Mark Johnston: I've been thinking about the end of my career for a long time
As he stands on the verge of becoming the most successful trainer in British racing history, Mark Johnston has revealed that thoughts of his retirement are never far from his mind.
Johnston said he wants his son and current assistant Charlie, who is now 27, to take over at the helm before his 40th birthday.
Mark Johnston, 58 and a trainer since 1987, is poised to overtake Richard Hannon snr's record total of 4,193 winners in Britain but revealed: "I've been thinking about the end of my career for a long time.
"I have got somebody waiting to take over but he realises now it's a bit different from me starting out with a handful of horses and no expectations, so he's not in a rush.
"I've looked at all the other handovers and I wouldn't want to do it too early and I wouldn't want to do it too late. I couldn't start again, I wouldn't have the energy for what I did when I was 30, so I don't think people should wait until they are 40 before they start training horses.
"Richard Hannon has probably enjoyed the smoothest handover and one of the reasons perhaps was that the business was on an upwards plane at the time. A lot of people are probably looking at our yard at the moment and think it's doing better for having Charlie here."
But it was Hannon's predecessor as record-holder that Johnston, who has eight runners spread across four meetings on Thursday, identified as the greatest inspiration for his training career.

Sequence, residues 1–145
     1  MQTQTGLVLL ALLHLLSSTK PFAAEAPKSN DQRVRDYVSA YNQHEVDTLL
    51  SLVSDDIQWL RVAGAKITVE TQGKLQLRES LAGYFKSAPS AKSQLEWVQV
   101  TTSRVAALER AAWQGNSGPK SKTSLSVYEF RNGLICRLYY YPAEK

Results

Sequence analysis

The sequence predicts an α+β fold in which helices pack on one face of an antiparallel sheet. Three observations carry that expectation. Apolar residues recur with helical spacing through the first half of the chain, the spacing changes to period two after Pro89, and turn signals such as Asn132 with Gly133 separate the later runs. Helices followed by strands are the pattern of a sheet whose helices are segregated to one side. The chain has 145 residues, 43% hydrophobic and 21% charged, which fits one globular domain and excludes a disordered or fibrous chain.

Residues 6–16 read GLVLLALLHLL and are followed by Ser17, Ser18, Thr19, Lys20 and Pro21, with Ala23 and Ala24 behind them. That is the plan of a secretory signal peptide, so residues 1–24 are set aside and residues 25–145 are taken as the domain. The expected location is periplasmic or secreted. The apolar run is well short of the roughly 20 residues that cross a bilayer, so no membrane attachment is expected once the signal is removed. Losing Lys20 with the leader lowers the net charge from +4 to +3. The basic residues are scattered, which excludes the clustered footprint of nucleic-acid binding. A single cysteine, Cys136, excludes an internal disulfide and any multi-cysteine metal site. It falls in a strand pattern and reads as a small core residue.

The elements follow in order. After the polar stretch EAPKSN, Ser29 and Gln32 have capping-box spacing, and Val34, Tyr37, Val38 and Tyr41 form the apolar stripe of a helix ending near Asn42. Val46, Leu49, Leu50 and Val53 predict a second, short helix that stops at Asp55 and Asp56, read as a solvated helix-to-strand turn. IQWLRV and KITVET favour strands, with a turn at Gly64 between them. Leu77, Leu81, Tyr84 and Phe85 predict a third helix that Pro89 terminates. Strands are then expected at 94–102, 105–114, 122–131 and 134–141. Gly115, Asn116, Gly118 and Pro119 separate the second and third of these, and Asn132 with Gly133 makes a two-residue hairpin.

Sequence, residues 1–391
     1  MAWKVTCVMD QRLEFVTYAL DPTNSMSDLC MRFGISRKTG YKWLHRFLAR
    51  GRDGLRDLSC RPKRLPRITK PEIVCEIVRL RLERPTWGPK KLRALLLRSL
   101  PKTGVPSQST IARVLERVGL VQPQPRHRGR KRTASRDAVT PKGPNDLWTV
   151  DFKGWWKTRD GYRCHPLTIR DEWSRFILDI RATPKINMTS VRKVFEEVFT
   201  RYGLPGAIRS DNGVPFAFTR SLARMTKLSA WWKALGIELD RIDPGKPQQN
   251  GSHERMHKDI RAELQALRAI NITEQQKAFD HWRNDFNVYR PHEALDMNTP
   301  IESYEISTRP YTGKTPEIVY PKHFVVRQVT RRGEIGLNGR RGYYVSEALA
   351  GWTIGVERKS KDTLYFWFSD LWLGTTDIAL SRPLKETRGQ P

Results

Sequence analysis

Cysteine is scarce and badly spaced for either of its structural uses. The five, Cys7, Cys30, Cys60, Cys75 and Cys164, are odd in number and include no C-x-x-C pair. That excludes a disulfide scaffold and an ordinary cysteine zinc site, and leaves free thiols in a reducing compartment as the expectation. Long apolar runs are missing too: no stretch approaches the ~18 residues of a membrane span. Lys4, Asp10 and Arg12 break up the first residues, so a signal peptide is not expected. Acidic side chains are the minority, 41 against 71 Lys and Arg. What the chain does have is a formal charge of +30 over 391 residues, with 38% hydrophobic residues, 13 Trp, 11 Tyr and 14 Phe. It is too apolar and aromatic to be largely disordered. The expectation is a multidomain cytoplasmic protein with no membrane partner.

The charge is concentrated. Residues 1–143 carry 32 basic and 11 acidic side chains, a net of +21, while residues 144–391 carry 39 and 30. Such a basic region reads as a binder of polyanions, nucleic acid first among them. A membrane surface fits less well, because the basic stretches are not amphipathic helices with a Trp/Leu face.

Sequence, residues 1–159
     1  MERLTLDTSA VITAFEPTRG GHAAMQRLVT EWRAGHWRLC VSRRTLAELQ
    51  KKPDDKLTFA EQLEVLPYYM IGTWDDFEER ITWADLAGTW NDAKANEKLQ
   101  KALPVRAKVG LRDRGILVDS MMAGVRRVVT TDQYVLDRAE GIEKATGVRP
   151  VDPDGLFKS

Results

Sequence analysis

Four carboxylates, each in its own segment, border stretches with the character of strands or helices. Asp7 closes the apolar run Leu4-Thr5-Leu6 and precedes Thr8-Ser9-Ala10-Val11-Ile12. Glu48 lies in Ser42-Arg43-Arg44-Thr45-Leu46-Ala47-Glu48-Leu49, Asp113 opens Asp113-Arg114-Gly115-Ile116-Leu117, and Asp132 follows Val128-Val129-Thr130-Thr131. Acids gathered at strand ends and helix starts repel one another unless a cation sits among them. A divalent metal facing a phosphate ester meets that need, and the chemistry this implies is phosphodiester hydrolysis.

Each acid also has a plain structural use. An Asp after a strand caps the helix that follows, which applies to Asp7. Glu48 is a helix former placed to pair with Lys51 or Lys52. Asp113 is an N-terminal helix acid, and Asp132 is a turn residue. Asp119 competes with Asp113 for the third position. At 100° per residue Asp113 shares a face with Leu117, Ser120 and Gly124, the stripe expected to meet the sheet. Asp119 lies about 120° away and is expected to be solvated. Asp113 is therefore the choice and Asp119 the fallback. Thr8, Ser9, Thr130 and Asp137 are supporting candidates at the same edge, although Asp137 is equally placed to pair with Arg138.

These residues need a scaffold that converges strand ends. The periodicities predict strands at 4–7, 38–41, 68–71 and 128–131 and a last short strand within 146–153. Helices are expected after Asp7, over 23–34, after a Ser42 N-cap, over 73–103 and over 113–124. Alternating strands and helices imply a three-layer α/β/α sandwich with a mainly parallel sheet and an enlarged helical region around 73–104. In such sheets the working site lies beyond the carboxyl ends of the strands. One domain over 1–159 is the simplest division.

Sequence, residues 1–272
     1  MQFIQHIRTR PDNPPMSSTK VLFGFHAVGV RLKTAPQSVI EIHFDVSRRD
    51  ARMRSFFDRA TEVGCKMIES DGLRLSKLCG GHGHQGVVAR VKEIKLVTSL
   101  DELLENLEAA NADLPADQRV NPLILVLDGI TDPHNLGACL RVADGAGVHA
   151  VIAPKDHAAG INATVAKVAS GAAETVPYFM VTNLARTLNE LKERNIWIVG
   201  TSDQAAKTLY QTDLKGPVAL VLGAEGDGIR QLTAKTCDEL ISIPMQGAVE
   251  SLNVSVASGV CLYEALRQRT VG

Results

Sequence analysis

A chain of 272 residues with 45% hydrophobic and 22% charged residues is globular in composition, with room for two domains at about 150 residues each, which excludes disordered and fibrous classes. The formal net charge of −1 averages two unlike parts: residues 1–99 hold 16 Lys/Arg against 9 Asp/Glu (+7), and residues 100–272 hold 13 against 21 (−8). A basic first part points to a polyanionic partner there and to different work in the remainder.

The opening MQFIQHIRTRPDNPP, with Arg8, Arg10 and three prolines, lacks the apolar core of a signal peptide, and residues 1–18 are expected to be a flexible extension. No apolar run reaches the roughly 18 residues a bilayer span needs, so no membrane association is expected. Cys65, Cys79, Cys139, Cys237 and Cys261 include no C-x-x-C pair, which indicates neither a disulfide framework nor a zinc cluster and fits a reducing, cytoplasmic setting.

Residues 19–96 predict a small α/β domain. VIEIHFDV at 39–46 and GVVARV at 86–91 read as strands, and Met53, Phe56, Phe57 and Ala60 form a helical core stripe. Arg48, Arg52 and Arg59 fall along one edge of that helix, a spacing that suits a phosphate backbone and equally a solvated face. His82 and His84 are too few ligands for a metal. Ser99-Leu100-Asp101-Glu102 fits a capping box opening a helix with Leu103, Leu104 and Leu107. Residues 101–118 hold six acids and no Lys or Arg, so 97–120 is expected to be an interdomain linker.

"I think more than anybody, Martin Pipe was the guy who came at it with a blank sheet of paper, applied lots of logical, simple principles to it and revolutionised jump racing in the process," he said.
"I'd be pretty sure he didn't set out to have a front-running style, he just applied the simple logic that there is nothing to be gained by giving away ground and that acceleration costs you huge energy so don't do it, don't push their heads off and don't put the brakes on. He ran them often, he ran them fit."
Asked what ambitions he had beyond that 4,193 target, the man who nominated the Guineas victories of Mister Baileys and Attraction as his stand out winners said: "I want to win more Classics. They've been put on that pedestal for a reason and I still want to win them."
Should he succeed, he's unlikely to spend the evening quite as he did when Hinari Video gave him his first victory, in the days he trained alongside a bombing range in Lincolnshire.
Johnston recalled: "The most abiding memory is coming home and putting the results on Teletext and having nothing else on the television all night.
"There were no racing channels in those days, no replays, and if you wanted a video you had to send off for one and it came in about three weeks' time. So we watched Teletext all night!"
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